Ilene Gordon, CEO and Chairman of the food company Ingredion, has served on eight corporate boards and she used to get a standard piece of advice: “Don’t say anything for three meetings.”
Not these days. “That’s outdated,” she said Wednesday at Fortune’s Most Powerful Women Summit it Laguna Niguel. “One of the most important things is getting oriented and up to speed quickly. You want to understand the company, the dynamics and economics. I ask for an orientation, even before my first meeting.”
Bonnie Gwin, Global CEO and Board of Directors Practice at the executive search firm Heidrick & Struggles, agreed with the advice, adding that at this moment of rising activist pressure, mounting cyber security concerns, and a more constant media spotlight, being on a board is harder, higher-stakes and more demanding than ever.
The role of the director has changed, Gwin says. “Boards are now deployed as a strategic asset.”
What’s needed in the boardroom given this new reality? “What makes someone extremely effective is EQ [emotional intelligence] — that collaborative, collegial gene,” Gwin says. “That doesn’t mean going along with everything. You need to have willingness to stand up.” The key, she says, is to be able to read situations and the group.”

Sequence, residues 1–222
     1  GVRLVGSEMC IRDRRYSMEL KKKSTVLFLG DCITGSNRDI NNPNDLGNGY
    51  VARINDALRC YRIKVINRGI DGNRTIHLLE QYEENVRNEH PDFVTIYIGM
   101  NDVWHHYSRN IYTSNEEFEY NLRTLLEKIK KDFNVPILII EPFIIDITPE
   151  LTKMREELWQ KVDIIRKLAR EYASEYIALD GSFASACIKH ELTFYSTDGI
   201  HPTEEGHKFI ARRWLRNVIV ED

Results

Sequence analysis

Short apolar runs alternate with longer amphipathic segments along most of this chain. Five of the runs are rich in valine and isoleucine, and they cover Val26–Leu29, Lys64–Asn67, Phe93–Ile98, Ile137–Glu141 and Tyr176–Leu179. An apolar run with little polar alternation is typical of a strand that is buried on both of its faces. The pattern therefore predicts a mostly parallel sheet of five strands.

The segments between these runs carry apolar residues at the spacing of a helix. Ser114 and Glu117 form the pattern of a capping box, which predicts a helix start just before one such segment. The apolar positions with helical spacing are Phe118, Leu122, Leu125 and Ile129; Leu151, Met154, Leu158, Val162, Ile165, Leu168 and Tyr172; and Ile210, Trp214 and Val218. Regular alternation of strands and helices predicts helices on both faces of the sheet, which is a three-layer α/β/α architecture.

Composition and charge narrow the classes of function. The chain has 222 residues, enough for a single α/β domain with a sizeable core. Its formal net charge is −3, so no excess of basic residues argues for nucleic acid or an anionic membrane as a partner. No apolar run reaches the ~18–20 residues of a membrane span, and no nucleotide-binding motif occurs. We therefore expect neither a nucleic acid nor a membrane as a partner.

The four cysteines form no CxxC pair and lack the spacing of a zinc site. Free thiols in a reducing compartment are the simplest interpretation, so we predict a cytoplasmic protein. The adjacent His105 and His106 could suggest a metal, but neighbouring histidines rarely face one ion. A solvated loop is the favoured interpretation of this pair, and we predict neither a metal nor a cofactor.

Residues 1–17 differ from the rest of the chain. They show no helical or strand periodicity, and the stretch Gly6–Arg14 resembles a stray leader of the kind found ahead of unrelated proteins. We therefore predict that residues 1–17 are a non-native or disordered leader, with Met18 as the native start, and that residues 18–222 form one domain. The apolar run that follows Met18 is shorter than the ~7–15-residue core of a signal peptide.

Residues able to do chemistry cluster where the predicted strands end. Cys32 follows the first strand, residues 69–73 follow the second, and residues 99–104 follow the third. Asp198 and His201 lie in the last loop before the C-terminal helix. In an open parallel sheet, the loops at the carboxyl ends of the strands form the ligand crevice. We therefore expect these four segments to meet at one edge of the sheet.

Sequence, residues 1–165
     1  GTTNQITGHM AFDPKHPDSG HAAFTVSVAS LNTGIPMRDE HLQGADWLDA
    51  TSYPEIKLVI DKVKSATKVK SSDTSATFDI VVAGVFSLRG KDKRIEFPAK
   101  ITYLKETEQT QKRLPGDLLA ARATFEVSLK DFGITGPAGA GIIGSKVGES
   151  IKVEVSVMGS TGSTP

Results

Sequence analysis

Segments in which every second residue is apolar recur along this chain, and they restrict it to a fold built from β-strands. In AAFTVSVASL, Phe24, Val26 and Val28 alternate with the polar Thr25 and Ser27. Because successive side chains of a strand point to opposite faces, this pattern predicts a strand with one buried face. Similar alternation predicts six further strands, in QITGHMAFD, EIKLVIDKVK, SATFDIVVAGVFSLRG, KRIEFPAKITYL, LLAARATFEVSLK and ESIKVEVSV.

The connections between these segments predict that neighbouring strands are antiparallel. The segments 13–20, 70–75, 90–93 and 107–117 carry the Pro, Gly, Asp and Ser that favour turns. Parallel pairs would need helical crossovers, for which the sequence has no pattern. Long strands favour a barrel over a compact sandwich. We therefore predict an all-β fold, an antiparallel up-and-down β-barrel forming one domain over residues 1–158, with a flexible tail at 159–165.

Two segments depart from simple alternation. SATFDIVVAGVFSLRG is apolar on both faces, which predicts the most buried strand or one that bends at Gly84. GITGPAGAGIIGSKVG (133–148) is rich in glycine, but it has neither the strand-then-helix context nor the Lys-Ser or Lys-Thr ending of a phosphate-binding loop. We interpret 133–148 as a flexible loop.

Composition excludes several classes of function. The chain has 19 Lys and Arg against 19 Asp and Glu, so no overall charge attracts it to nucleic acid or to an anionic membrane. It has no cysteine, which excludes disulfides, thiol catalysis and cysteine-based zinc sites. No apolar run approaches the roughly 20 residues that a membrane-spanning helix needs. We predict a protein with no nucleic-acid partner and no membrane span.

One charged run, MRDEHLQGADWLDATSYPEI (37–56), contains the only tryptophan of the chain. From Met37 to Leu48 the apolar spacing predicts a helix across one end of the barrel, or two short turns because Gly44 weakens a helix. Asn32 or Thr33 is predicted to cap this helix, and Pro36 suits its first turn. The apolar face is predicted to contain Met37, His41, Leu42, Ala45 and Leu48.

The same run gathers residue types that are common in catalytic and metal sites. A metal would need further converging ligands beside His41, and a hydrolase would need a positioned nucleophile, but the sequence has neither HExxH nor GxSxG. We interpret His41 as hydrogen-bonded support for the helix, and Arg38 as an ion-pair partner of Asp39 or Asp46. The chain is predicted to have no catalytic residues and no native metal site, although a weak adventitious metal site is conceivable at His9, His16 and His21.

Gordon looks for EQ, too, in potential board members. And watches out for big egos: “One thing I watch for: Do they have to be the smartest person in the room?” she said, noting that people who exude that sense end up “using airtime, not solving the problems of the company.”
That emotional intelligence is also critical for managing internal dynamics and the sometimes tricky issues that arise in the effort to maintain an effective and optimized corporate board.
Providing feedback to directors, or having conversations about its composition can be especially tough, Gwin said.
“The challenge that comes up is board members become friends, and it becomes social network, so knowing then when to flex, or push, or step back can be harder. If you have a director that should exit because their skills no longer strategically map….those are really hard conversations.”